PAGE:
Buoyed by the phenomenal success of the top-secret federal court that oversees government surveillance, President Obama, in a bold executive move, recently instituted another special court, this one devoted exclusively to the interpretation of campaign finance legislation. The new court, which Obama formally designated the "Supremest Court," is now the highest court in the land.
"It's like the Supreme Court, but better," the president explained. "And unlike the surveillance court, this one's not secret. It's too supreme to be kept a secret."
The first judicial act of the Supremest Court justices (whose identities are, however, secret) was to overturn a controversial Supreme Court decision allowing for unlimited donor contributions to political campaigns.
"Constitutionally, it was a flawed decision," summarized President Obama, who, as a former constitutional law professor, ought to know.
"The Supreme Court's reasoning was largely on target with regard to Democratic campaigns. For that reason, the portion of the opinion allowing for unlimited contributions to Democratic political campaigns was upheld. And in addition, caps on donations to individual Democratic candidates like, for instance, me, were also lifted."
But according to President Obama, the rationale behind the Supreme Court's authorization of unlimited contributions to other political party campaigns, like those of the Repubican, Green, and Independent parties, was problematic.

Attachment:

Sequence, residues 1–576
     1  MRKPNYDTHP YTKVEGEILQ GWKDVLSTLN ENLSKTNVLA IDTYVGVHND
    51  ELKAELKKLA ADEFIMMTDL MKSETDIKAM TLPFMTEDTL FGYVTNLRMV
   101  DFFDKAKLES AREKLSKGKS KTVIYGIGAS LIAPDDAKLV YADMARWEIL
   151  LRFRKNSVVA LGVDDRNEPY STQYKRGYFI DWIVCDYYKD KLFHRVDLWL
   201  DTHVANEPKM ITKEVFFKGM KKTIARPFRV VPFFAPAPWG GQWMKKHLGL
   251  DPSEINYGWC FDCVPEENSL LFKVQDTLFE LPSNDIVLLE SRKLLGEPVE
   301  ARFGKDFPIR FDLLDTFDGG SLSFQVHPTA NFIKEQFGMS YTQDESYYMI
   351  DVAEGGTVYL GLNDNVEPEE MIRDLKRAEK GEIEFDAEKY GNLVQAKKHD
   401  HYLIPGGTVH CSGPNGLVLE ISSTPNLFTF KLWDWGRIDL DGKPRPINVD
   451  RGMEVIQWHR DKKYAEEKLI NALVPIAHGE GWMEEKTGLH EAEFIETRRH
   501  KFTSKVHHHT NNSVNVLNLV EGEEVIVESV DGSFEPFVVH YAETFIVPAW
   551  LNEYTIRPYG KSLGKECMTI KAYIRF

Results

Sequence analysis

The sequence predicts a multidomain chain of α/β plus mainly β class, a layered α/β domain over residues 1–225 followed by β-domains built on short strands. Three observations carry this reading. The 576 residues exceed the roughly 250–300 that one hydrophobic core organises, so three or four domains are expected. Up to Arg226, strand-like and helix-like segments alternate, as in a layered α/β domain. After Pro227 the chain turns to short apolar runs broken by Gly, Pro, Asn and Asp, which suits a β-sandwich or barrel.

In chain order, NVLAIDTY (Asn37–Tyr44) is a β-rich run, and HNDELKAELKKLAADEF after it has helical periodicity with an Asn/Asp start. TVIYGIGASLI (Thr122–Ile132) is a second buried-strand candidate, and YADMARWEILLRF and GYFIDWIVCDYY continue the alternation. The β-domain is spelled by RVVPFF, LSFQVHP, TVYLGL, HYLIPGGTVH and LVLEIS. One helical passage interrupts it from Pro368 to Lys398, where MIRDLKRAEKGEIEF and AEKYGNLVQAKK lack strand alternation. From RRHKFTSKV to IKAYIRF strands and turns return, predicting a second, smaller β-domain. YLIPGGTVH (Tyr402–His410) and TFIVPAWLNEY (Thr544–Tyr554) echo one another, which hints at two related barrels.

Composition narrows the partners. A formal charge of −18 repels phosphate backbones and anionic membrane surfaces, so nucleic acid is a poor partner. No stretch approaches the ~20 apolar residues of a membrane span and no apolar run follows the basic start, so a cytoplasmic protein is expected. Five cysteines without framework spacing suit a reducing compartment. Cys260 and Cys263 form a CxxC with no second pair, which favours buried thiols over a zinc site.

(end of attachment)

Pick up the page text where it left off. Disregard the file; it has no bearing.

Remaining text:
"That part just wasn't fair. So it's out," the president assured his well-heeled constituents.
Obama added that he'd contemplated simply suing the Supreme Court for its misplaced legal analysis, but ultimately concluded that a new court, which would be even better than the - in his view - not-so-Supreme Court, was the better way to go.
"We've long been in glaring need of campaign finance reform and reform of our entire judicial system," he declared. "This was a start."
Obama expressed particular appreciation that the Supremest Court decision, which has since come to be referred to as ObamaFair, applies not only prospectively but also retroactively, allowing Democrats, like Obama, to collect unlimited contributions for past campaigns, as well as for ongoing political races.
Most crucially, however, ObamaFair will prevent egregious donation-related political upsets in future elections.
"Can you imagine Bernie Sanders being able to collect billions upon billions of dollars in campaign contributions in 2016?" the president asked rhetorically. "Thanks to the Supremest Court, that will never happen."